8. they're tow different lines. Notice that in IM Martin's game the knight is protecting the king from lossing the Queen. In this variation, the queen is dead

  9. Very instructive. Concise. No beating around the bush spending 10 minutes explaining every move and variation. thumbs up!

  10. Hi!! Jerry How r u I hope u r fine. For the past one month I am facing painful defeats because of not looking at my opponents tactics possibility even one move tactics and even I am giving up the pieces for free ie without seeing the square is defended I place my pieces there. Before a month i was really had a decent tactical vision. I dont know y i am facing this problem right now it really hurts :(. Kindly give tips about improving the tactics or if any book is there suggest me. Thanking u

  11. ive actually had this come up in one of my games, i managed to calculate all the right moves just as my opponent did, but he resigned once he saw queen was dead.

    i didn't even know it was a real trap or opening lol.

  12. I clicked like but I am not always such a fan of weaker player's (even myself to be honest) memorizing traps; reality is seldom that simple.
    But that was pretty cool and clicked like.

  13. 4:41
    black queen can survive

    black bishop check king
    king moves away
    other black bishop takes white knight,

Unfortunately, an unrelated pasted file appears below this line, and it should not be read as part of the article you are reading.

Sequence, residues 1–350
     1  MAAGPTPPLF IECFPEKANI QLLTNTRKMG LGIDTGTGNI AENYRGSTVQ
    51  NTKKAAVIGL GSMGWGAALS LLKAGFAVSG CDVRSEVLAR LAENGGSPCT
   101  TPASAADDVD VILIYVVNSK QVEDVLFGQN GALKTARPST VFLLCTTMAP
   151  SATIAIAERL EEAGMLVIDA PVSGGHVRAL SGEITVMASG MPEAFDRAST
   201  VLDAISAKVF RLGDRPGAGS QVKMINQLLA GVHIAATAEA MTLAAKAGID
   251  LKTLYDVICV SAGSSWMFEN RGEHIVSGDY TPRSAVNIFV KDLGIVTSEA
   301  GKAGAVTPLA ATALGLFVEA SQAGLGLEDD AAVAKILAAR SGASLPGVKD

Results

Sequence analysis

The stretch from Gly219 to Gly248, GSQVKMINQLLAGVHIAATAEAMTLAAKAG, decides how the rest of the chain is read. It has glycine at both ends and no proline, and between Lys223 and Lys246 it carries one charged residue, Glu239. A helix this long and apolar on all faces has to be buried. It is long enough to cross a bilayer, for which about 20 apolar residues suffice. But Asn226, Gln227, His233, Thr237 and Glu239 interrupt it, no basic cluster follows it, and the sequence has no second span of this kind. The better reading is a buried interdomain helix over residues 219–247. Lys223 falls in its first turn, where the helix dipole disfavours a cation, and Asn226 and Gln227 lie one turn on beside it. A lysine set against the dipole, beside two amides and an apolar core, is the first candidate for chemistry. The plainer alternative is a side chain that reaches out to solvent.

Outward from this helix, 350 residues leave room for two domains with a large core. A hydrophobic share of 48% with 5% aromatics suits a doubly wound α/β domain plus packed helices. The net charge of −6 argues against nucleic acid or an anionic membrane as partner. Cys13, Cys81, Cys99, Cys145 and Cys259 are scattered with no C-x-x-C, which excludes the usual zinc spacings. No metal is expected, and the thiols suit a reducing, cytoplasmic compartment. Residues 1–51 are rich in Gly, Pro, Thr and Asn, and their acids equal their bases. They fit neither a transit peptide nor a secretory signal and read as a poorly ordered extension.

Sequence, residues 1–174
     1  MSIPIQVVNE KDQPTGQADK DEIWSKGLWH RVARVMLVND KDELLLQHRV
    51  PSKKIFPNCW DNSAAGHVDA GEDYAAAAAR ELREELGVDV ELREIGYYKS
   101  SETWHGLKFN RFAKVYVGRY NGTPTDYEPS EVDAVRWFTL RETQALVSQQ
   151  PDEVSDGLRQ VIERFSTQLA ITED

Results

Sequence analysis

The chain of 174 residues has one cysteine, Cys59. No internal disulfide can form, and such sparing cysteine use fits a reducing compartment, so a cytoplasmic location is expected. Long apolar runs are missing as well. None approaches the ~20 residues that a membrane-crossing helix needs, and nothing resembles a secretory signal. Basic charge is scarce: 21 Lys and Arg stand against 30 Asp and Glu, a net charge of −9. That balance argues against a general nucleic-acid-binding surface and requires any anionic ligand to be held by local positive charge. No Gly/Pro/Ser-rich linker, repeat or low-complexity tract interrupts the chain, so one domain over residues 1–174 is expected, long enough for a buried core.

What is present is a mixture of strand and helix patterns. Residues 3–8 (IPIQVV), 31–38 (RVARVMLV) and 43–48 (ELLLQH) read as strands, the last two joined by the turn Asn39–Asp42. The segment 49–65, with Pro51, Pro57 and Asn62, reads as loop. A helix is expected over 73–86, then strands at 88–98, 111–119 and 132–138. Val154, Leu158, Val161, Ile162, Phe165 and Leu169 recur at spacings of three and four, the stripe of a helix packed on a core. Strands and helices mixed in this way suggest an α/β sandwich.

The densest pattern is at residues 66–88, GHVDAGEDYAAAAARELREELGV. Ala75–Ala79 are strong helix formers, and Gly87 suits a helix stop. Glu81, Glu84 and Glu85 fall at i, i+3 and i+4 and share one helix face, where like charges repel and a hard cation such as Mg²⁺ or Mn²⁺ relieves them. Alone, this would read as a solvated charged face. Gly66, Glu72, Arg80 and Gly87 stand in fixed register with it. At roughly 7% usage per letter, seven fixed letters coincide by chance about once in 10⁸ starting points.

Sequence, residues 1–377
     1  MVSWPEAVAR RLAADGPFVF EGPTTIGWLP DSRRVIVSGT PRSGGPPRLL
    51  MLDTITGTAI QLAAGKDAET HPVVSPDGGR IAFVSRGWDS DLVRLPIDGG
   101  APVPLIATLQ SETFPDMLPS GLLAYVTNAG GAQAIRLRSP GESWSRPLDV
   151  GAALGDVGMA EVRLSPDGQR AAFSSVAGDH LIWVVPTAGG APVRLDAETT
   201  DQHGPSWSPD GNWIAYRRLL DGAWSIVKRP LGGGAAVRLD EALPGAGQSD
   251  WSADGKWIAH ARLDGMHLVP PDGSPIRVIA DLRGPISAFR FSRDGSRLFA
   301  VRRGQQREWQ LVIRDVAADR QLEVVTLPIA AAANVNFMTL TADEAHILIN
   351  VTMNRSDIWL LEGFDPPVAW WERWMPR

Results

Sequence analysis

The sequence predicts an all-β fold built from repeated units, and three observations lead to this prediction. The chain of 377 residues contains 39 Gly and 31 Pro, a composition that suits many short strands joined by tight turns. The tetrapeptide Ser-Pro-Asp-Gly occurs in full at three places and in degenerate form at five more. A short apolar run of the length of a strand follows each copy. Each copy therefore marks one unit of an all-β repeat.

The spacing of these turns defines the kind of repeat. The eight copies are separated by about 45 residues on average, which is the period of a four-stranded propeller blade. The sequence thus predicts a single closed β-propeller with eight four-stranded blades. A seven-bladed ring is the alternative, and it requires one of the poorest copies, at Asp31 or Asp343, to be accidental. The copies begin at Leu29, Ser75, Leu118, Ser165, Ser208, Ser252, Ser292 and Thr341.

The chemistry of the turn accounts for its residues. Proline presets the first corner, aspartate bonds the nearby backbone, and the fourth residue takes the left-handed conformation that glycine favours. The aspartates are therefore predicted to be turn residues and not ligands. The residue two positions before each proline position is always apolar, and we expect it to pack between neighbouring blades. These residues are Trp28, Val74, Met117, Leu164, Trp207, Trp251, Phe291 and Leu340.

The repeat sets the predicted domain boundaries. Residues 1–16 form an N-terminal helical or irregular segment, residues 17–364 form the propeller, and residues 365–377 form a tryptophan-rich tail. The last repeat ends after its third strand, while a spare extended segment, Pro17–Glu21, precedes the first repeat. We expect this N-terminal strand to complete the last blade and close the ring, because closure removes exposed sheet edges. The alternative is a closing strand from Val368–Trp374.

threatening white queen
    if queen takes black bishop,
    black queen takes white bishop

    or, making the game equal
    both queens r lost

  14. you will NEVER see that variation.. NOBODY who plays the Fort Knox will play Nf6 before having played Nd7… black can trick white quite often because not everybody "white" french player knows the Fort Knox… BUT virtually EVERYBODY who is playing the Fort Knox on purpose KNOWS it!!!!

  15. 3:48 what stops black from playing Bc4 pinning the queen? If QxBc4 black responds QxBg5. You're still down your light-squared bishop after gxBf3, but white does have a damaged kingside and you have a slightly more active queen as black, the next move here being b6 by black to defend from qxb6. The structure in the end is meh for both sides but worse for white, with about equal queen positions. Not good for black, but not losing.

    If White wants to throw away the advantage and takes blacks queen (BxQf6), black can hit back with check (BxQd2), force the white king un-castled, and if white captures blacks bishop, black captures white's, or if one runs away, so does the other. The position at that point would actually be slightly better for black, despite the damage to the kingside, because white would have to castle by hand towards the queenside.

  16. 3:45 white's bishop has the black king in check, and the queen is in trouble at the same time but why not play queen knight to c6 as black? It blocks the check, protects the queen, and the knight is protected by both the bishop and the pawn ๐Ÿค”